Physical activity may be assessed in several different ways and different domains, such as through:

  • Leisure-time activities, such as participation in organized or in unorganized sports, physical activities, and play;
  • Commuting to work, school, for errands;
  • Work-related activities;
  • Activities related to chores and household tasks.

The CFLRI monitors trends in physical activity levels among adults over time in each of these domains. Traditionally, leisure-time physical activity has been often used as an important measure for determining overall physical activity, as it represents physical activity which is volitional (or activities which individuals choose to participate in as opposed to being part of work or chores).

Generally speaking, physical activity rates among adults have changed very little over the past 20 years, with about half of Canadian adults indicating that they are at least moderately active. Physical activity levels among adults have been found to vary by numerous individual and environmental factors. For example, physical activity rates are higher among men compared to women; and physical activity levels decrease with increasing age.[1][2]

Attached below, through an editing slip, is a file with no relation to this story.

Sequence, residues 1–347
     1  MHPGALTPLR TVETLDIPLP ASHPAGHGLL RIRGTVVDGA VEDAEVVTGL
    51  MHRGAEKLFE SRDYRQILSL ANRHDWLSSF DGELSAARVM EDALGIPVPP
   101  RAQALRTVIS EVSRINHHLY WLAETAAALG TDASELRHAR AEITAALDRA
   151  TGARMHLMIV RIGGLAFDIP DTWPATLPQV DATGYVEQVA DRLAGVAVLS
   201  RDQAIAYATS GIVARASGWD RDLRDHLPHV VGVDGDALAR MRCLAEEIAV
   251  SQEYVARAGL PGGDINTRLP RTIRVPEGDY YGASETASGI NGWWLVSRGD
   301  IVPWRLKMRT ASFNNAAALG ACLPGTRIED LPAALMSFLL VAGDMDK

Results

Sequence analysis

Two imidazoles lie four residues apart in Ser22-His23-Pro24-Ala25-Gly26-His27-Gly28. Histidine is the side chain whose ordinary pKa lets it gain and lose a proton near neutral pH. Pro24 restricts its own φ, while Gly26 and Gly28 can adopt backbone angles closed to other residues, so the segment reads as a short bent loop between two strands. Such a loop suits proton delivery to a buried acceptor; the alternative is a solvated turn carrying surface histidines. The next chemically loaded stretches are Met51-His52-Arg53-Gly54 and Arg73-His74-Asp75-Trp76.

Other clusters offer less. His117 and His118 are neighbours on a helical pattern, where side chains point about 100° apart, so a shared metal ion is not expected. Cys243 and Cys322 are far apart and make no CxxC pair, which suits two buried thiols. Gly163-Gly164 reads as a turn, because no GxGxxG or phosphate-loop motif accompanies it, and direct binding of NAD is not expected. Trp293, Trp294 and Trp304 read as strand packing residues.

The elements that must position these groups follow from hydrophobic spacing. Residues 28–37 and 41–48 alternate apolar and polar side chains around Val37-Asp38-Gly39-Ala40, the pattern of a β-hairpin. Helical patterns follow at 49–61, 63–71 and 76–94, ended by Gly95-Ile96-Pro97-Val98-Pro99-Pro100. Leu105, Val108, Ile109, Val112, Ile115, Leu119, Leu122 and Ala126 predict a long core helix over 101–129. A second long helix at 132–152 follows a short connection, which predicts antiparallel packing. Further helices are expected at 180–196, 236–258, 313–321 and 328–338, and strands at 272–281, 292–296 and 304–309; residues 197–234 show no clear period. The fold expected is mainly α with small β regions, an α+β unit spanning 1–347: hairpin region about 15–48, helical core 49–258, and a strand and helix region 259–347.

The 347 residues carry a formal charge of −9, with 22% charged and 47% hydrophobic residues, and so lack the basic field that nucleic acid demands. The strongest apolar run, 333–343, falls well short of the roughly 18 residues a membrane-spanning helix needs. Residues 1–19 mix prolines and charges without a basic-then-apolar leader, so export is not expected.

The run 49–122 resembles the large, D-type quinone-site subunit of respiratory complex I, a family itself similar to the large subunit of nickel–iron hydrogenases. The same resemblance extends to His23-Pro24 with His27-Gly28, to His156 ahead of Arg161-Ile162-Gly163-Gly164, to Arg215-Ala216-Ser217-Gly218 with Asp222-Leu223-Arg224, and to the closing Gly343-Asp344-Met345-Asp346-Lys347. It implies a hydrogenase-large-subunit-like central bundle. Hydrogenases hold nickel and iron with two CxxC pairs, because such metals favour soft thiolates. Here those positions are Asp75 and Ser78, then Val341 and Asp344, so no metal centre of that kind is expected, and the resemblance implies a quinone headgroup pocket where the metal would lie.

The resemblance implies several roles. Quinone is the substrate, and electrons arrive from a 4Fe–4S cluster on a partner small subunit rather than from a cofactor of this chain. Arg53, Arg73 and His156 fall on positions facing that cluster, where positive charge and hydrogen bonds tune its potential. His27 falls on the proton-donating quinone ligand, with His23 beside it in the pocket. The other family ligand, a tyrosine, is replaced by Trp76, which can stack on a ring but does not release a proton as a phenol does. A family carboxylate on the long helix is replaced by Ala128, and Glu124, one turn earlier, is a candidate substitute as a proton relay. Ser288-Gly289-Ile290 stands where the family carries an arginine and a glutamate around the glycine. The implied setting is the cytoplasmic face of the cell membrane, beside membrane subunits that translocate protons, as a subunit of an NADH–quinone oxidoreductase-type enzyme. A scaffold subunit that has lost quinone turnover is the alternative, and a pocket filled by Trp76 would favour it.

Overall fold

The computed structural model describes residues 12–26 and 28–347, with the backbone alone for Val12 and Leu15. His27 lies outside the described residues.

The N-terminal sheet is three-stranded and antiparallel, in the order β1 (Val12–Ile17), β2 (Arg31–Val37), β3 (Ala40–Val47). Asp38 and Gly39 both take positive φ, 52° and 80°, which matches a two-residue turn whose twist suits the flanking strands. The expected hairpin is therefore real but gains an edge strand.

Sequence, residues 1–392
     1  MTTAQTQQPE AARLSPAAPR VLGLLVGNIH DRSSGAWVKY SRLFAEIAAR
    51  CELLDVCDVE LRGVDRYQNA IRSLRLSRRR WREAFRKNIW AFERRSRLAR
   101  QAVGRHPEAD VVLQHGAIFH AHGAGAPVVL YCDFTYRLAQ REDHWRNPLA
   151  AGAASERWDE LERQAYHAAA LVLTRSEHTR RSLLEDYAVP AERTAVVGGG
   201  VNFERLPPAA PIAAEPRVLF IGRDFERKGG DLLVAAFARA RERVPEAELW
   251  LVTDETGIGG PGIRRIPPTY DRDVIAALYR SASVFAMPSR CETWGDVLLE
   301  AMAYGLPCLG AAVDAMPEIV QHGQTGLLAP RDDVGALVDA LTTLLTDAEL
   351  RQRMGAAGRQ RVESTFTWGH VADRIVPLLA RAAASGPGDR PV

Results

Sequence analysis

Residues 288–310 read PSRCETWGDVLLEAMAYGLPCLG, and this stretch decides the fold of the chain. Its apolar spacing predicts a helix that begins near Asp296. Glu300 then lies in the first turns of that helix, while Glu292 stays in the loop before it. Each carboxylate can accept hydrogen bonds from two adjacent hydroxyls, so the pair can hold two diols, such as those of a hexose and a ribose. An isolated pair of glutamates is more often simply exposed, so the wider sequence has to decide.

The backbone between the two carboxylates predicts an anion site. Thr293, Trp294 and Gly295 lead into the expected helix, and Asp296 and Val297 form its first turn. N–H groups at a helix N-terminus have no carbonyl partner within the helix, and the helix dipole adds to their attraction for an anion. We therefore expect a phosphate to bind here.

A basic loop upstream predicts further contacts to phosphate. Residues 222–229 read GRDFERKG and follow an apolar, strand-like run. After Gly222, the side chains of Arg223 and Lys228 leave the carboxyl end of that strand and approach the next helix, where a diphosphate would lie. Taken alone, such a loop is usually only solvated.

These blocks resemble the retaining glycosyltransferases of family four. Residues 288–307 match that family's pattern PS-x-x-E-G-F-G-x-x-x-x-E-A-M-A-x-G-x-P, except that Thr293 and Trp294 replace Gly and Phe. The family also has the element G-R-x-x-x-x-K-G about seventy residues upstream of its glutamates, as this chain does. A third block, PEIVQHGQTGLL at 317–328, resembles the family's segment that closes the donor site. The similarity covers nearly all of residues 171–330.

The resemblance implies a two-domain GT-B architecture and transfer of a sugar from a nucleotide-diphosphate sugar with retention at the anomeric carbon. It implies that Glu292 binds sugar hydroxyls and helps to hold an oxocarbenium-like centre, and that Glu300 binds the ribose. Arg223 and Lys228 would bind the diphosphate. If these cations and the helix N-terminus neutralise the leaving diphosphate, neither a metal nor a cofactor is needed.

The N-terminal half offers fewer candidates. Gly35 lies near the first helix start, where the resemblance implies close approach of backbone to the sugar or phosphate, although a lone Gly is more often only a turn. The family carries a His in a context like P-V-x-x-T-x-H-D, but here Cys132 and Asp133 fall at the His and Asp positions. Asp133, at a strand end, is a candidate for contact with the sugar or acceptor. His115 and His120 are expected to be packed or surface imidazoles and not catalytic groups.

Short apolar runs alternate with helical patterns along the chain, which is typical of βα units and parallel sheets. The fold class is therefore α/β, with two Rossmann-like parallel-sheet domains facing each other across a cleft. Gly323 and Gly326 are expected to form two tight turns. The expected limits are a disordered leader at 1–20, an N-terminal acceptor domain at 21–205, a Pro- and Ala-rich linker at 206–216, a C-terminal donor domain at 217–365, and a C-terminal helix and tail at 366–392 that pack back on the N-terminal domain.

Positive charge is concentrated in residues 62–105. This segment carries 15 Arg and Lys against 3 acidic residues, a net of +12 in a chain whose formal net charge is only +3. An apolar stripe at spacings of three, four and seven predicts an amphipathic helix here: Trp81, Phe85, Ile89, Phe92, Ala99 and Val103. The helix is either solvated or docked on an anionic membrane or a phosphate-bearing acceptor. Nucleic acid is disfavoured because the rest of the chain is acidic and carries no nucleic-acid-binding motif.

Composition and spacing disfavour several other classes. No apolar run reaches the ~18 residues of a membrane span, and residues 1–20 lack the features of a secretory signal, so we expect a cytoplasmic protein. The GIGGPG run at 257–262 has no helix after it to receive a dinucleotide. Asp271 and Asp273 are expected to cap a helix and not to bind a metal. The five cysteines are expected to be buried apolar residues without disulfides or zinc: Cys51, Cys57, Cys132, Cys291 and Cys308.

[1] Canadian Fitness and Lifestyle Research Institute. 2016-2018 Physical activity Monitor, Custom Tabulation

[2] [1] Statistics Canada. Canadian Community Health Survey. Table 13-10-0096-01 Health characteristics, annual estimates.2018. Available here.

# By The


of Canadian children and youth between the ages of 5 and 19, participate in organized physical activity and sport.

Facts and Figures

Adult physical activity levels by age 

Physical activity levels among adults decreases with increasing age, whereby considerably fewer (37%) older adults (aged 65 years or older) report engaging in 150 minutes of physical activity a week compared to those who are younger. This age-related difference in physical activity levels has persisted overtime. [1]

[1] Statistics Canada. Canadian Community Health Survey. Table 13-10-0096-01 Health characteristics, annual estimates.2018. Available here.

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Bulletin 3: Places to safely walk


This particular research bulletin examines Canadians’ perspectives about the amount of places to safely walk in their community, the level of satisfaction with the amount of places to safely walk, and finally, their usage of such places. Each of these factors are explored in relation to key socio-demographic factors such as gender, age, education level, household income level, employment and marital status, region, and community characteristics.

Read Moreabout Bulletin 3: Places to safely walk

The CFLRI is currently conducting a study of physical activity opportunities in Canadian schools. If you have received an invitation to participate in this and have any questions regarding the study please contact us at Thank you for your participation!